While I’m not usually a fan of what I’d call the ‘American style’ of contemporary country music – more stylised than the typical singer-songwriter output, with song structures and vocal styles that seem to vary little between songs, albums or artists – every now and again I will listen to it. Sometimes even willingly. Because this style of country music is reliable and comfortable – and entertaining and enjoyable. It’s the comfort food of country music, and there’s no denying that millions of people like their musical food comfy, so there is clearly something of value in it. It’s all a matter of taste, obviously – I like music with a little more edge and bite, and sometimes it seems as though these ‘produced’ albums don’t have it.
There aren’t many Australian country music performers in this style, but the most obvious example I can point to is Keith Urban. Keith mixes songs from his own pen with those written by others whom he is smart enough to recognise write songs that suit him and which only enhance his repertoire. There are many people who would think that Keith sounds overproduced and a bit same-samey. But there’s no denying he’s consistent and talented and very, very good at what he does. He also has that little extra something that keeps us all coming back for more – it’s something in his voice, in the way he can deliver a song. Being able to interpret a song so that you don’t trample on it – to get out of the song’s way and be its servant rather than its overlord – is a hugely underrated skill and also says a lot about a performer and how much they respect the actual writing of a song.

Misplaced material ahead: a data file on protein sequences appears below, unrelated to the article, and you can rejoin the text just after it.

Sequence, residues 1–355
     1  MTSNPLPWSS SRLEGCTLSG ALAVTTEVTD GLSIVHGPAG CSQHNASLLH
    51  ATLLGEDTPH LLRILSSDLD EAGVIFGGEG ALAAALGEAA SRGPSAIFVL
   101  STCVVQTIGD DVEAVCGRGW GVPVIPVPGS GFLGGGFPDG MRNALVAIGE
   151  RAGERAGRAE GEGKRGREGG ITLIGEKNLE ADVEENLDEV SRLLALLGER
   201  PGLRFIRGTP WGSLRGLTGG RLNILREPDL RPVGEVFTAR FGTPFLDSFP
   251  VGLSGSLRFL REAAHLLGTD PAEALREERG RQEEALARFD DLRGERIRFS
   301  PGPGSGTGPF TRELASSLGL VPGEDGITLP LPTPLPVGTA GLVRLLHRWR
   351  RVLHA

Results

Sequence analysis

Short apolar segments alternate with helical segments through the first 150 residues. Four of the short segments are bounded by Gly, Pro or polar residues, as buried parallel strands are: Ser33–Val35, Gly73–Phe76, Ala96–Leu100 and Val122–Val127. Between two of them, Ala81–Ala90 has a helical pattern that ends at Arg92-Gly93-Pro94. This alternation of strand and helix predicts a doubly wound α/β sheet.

Keith Urban was the performer who most came to mind when I listened to Paul Cowderoy’s debut album Now. Cowderoy – a finalist in the 2011 Australian Independent Country Music Awards, the 2011 Australian Country Music People’s Choice Awards and the Channel C Country Music Awards for Best New Talent – does not have a voice like Keith’s but he does know how to deliver a song: clearly, to the heart of the listener, and he has that certain something in his voice that made me want to listen to the album over and over. The collection of songs on the album – some written by him, some by others – is solid rather than being remarkable but we go back to that comfort food analogy again: I’d rather listen to this album again than other albums that may have that edge to them but which just aren’t as satisfying.
As this is a debut album, we can presume that Cowderoy still has his training wheels on as a performer and songwriter, and this is a confident start for someone at that stage. It will be very interesting to see what he does next.
Now, Paul Cowderoy (WJO) – available now on CD and iTunes.